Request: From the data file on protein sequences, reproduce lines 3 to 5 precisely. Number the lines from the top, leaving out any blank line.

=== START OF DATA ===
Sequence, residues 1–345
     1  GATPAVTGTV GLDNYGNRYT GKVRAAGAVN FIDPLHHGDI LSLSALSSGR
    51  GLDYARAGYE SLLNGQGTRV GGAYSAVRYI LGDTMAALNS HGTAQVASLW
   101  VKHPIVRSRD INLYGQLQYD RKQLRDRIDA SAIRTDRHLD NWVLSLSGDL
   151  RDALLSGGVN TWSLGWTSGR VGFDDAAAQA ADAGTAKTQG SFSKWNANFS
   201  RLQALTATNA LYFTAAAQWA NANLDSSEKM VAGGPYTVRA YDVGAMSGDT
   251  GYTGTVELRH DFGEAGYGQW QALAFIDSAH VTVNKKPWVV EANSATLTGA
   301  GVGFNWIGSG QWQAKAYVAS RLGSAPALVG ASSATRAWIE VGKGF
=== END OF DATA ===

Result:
    51  GLDYARAGYE SLLNGQGTRV GGAYSAVRYI LGDTMAALNS HGTAQVASLW
   101  VKHPIVRSRD INLYGQLQYD RKQLRDRIDA SAIRTDRHLD NWVLSLSGDL
   151  RDALLSGGVN TWSLGWTSGR VGFDDAAAQA ADAGTAKTQG SFSKWNANFS